Sustaining a diverse educator workforce requires more than increasing the number of BIPOC educators and principals that enter the field: district and community support are essential to sustaining BIPOC educators. What are some of the promising strategies you are seeing districts implement to better support teachers and education leaders of color? What additional changes are needed here?
While it lasted, Charlie appreciated her school creating an equity and engagement committee where students had the opportunity to work with the district, community members, law enforcement, etc., because it allowed youth and adults to be on the same page. The pandemic made it difficult for them to meet this past year; however, Charlie was hopeful it would start up again in May/June with the Black Lives Matter movement. Therefore, Charlie called for more consistency in such conversations.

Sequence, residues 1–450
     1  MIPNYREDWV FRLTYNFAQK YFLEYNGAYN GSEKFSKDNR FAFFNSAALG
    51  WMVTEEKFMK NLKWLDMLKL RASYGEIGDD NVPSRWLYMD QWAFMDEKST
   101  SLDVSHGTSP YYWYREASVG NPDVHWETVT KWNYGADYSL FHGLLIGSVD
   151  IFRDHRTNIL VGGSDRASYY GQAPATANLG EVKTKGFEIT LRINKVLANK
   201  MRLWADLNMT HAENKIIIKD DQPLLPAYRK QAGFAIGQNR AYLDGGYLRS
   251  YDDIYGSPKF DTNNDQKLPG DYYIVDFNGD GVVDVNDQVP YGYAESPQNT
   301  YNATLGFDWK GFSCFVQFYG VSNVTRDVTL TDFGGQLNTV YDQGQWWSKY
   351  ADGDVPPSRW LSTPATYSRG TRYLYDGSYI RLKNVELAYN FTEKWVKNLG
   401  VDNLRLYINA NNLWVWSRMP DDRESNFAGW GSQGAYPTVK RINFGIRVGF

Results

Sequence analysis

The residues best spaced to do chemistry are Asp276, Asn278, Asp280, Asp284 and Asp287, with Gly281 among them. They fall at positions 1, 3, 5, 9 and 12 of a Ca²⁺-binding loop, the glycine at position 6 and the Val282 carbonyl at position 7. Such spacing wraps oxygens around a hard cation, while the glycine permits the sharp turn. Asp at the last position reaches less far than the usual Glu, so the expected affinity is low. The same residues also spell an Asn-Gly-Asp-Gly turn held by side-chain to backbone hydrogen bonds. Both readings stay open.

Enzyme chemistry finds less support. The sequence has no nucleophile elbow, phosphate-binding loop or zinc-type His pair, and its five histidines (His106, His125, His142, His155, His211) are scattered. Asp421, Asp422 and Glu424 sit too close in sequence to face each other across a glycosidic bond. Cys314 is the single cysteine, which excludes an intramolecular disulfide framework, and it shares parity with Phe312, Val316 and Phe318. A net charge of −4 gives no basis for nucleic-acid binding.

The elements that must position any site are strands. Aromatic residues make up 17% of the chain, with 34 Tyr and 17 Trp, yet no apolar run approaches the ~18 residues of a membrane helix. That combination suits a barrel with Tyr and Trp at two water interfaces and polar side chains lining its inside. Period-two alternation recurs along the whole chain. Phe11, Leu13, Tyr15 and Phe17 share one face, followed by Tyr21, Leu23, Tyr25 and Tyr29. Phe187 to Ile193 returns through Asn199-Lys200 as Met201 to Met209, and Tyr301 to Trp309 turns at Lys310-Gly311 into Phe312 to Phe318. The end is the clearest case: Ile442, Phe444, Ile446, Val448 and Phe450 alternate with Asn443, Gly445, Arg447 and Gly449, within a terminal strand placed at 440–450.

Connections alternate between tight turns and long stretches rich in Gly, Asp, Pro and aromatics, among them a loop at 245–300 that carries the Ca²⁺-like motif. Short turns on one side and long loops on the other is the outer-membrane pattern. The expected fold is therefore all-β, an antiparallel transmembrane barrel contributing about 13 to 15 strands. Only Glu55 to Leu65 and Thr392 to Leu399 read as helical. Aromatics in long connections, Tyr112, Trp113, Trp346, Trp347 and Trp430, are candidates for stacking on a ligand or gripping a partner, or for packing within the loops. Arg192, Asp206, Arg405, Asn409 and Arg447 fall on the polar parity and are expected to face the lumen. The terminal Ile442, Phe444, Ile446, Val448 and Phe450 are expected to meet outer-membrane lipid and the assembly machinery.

Dr. Ernst-Slavit shared three strategies she has seen in districts she works with. One highlight is school districts are creating equity surveys to identify the issues they need to work on. Others are appointing positions such as Directors of Equity and Inclusion in their schools. But, the most influential initiative she has seen is one specific school district nurturing parent leadership organizations. These leadership programs invite parents of English Language Learners to not only learn about the school/district, but also to share their traditions, needs, and expectations with them. In addition, this program has even led to some of these parents realizing they’re interested in a career in education and become paraprofessionals. “And by that, [the district] has created a little pipeline and at the same time, a system of support because by the time those parents get into the school as teachers, they have already had all these connections with administrators [and] with the community,” she added.
Read the LEVinar audio transcript